Numerous studies around the world confirm that ESC is highly effective in helping the driver maintain control of the car, thereby saving lives and reducing the severity of crashes. In the fall of 2004 in the U.S., the National Highway and Traffic Safety Administration confirmed the international studies, releasing results of a field study in the U.S. of ESC effectiveness. The NHTSA in United States concluded that ESC reduces crashes by 35%. Additionally, Sport utility vehicles (SUVs) with stability control are involved in 67% fewer accidents than SUVs without the system. The United States Insurance Institute for Highway Safety (IIHS) issued its own study in June 2006 showing that up to 10,000 fatal US crashes could be avoided annually if all vehicles were equipped with ESC. The IIHS study concluded that ESC reduces the likelihood of all fatal crashes by 43%, fatal single-vehicle crashes by 56%, and fatal single-vehicle rollovers by 77–80%.
ESC is described as the most important advance in auto safety by many experts, including Nicole Nason, Administrator of the NHTSA, Jim Guest and David Champion of Consumers Union of the Fédération Internationale de l'Automobile (FIA), E-Safety Aware, Csaba Csere, editor of Car and Driver, and Jim Gill, long time ESC proponent of Continental Automotive Systems. The European New Car Assessment Program (EuroNCAP) "strongly recommends" that people buy cars fitted with stability control.
ESC incorporates yaw rate control into the anti-lock braking system (ABS). Yaw is a rotation around the vertical axis; i.e. spinning left or right. Anti-lock brakes enable ESC to brake individual wheels. Many ESC systems also incorporate a traction control system (TCS or ASR), which senses drive-wheel slip under acceleration and individually brakes the slipping wheel or wheels and/or reduces excess engine power until control is regained. However, ESC serves a different purpose from that of ABS or Traction Control.
The ESC system uses several sensors to determine what the driver wants (input). Other sensors indicate the actual state of the vehicle (response). The control algorithm compares driver input to vehicle response and decides, when necessary, to apply brakes and/or reduce throttle by the amounts calculated through the state space (set of equations used to model the dynamics of the vehicle). The ESC controller can also receive data from and issue commands to other controllers on the vehicle such as an all wheel drive system or an active suspension system to improve vehicle stability and controllability.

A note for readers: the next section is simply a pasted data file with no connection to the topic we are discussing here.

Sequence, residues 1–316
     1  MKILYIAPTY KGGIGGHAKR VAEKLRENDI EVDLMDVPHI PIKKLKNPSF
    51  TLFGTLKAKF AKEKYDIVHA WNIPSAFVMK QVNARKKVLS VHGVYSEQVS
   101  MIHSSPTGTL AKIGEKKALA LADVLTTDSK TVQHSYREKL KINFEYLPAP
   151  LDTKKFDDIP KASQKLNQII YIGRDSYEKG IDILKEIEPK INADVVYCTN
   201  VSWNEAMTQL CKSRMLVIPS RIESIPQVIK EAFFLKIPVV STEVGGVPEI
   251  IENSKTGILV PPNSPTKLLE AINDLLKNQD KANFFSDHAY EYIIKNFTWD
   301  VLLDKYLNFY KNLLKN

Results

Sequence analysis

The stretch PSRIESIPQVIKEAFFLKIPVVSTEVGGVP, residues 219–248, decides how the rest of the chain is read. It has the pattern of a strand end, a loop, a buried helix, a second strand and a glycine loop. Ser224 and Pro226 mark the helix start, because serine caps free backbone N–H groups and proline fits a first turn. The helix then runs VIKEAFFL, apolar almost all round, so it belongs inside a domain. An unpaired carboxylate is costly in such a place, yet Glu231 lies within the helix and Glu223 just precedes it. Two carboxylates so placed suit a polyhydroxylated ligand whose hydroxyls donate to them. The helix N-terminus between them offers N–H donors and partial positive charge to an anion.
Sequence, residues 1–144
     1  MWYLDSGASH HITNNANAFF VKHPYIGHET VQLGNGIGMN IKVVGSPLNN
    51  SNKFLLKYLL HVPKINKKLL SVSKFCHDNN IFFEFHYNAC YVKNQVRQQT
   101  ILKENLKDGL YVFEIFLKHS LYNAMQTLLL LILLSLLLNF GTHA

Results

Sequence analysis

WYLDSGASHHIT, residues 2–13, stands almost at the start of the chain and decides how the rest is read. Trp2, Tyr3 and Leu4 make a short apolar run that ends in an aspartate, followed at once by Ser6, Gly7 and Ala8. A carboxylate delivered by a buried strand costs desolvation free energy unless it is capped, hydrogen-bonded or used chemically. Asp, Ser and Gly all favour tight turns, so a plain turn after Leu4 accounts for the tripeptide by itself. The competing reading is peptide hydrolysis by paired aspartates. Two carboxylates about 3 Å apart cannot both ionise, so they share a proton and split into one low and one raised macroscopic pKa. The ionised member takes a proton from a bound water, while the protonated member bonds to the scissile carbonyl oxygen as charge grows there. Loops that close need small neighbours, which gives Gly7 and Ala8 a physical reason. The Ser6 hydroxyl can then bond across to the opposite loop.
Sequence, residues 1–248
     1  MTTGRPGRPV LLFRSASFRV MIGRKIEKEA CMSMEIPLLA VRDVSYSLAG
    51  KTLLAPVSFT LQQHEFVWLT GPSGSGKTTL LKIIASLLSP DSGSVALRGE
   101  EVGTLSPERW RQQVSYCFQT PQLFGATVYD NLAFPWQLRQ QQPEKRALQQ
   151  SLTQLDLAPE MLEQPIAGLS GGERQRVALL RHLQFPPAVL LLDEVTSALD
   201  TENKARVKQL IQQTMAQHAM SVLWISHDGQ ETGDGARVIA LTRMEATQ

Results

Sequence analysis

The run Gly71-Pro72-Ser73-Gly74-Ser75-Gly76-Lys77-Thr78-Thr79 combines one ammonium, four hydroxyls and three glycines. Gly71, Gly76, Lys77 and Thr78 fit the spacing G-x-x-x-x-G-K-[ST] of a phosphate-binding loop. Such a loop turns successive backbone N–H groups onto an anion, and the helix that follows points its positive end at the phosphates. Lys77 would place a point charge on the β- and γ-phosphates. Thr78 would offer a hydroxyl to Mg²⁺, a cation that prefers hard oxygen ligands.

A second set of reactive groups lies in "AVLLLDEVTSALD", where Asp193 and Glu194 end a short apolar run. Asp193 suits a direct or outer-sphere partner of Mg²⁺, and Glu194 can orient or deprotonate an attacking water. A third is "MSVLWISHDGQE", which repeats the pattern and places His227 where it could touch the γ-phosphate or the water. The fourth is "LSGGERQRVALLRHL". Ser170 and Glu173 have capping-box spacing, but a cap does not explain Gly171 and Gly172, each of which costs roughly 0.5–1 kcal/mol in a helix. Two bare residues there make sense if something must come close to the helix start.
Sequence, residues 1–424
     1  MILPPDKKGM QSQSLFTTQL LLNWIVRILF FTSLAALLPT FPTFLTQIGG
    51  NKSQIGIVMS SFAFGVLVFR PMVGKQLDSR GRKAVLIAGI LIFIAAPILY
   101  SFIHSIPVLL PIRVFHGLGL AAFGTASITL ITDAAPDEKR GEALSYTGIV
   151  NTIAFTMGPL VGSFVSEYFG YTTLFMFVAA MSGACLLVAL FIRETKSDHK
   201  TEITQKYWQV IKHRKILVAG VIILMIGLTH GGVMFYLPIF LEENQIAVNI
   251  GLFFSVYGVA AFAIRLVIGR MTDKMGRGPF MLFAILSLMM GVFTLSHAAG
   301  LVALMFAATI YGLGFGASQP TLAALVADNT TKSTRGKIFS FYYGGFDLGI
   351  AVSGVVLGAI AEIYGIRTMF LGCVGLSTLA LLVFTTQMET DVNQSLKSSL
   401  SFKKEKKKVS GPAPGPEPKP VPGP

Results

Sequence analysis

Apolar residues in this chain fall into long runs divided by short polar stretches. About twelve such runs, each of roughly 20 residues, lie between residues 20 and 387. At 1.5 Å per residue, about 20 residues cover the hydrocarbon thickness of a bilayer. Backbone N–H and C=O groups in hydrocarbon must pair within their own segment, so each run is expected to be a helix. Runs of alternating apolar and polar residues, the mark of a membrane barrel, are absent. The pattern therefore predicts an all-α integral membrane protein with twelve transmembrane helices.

The sensors used for ESC have to send data at all times in order to detect possible defects as soon as possible. They have to be resistant to possible forms of interference (rain, holes in the road, etc.). The most important sensors are:
Other sensors can include:
ESC uses a hydraulic modulator to assure that each wheel receives the correct brake force. A similar modulator is used in ABS. ABS needs to reduce pressure during braking, only. ESC additionally needs to increase pressure in certain situations and an active vacuum brake booster unit may be utilized in addition to the hydraulic pump to meet these demanding pressure gradients.
The brain of the ESC system is the electronic control unit (ECU). The various control techniques are embedded in it. Often, the same ECU is used for diverse systems at the same time (ABS, Traction control system, climate control, etc.). The input signals are sent through the input-circuit to the digital controller. The desired vehicle state is determined based upon the steering wheel angle, its gradient and the wheel speed. Simultaneously, the yaw sensor measures the actual state. The controller computes the needed brake or acceleration force for each wheel and directs via the driver circuits the valves of the hydraulic modulator. Via a Controller Area Network interface the ECU is connected with other systems (ABS, etc.) in order to avoid giving contradictory commands.
Many ESC systems have an "off" override switch so the driver can disable ESC, which may be desirable when badly stuck in mud or snow, or driving on a beach, or if using a smaller-sized spare tire which would interfere with the sensors. Some systems also offer an additional mode with raised thresholds so that a driver can utilize the limits of adhesion with less electronic intervention. However, ESC defaults to "On" when the ignition is restarted. Some ESC systems that lack an "off switch", such as on many recent Toyota and Lexus vehicles, can be temporarily disabled through an undocumented series of brake pedal and handbrake operations. Furthermore, unplugging a wheel speed sensor is another method of disabling most ESC systems. The ESC implementation on newer Ford vehicles cannot be completely disabled even through the use of the "off switch". The ESC will automatically reactivate at highway speeds, and below that if it detects a skid with the brake pedal depressed.
ESC is built on top of an anti-lock brake system, and all ESC-equipped vehicles are fitted with traction control. The ESC components include a yaw rate sensor, a lateral acceleration sensor, a steering wheel sensor, and an upgraded integrated control unit. In the US, Federal regulations require that ESC be installed as a standard feature on all passenger cars and light trucks as of the 2012 model year. According to National Highway Traffic Safety Administration research, ABS in 2005 cost an estimated US$368; ESC cost a further US$111. The retail price of ESC varies; as a stand-alone option it retails for as little as $250 USD. ESC was once rarely offered as a sole option, and was generally not available for aftermarket installation. Instead, it was frequently bundled with other features or more expensive trims, so the cost of a package that included ESC was several thousand dollars. Nonetheless, ESC is considered highly cost-effective and it might pay for itself in reduced insurance premiums.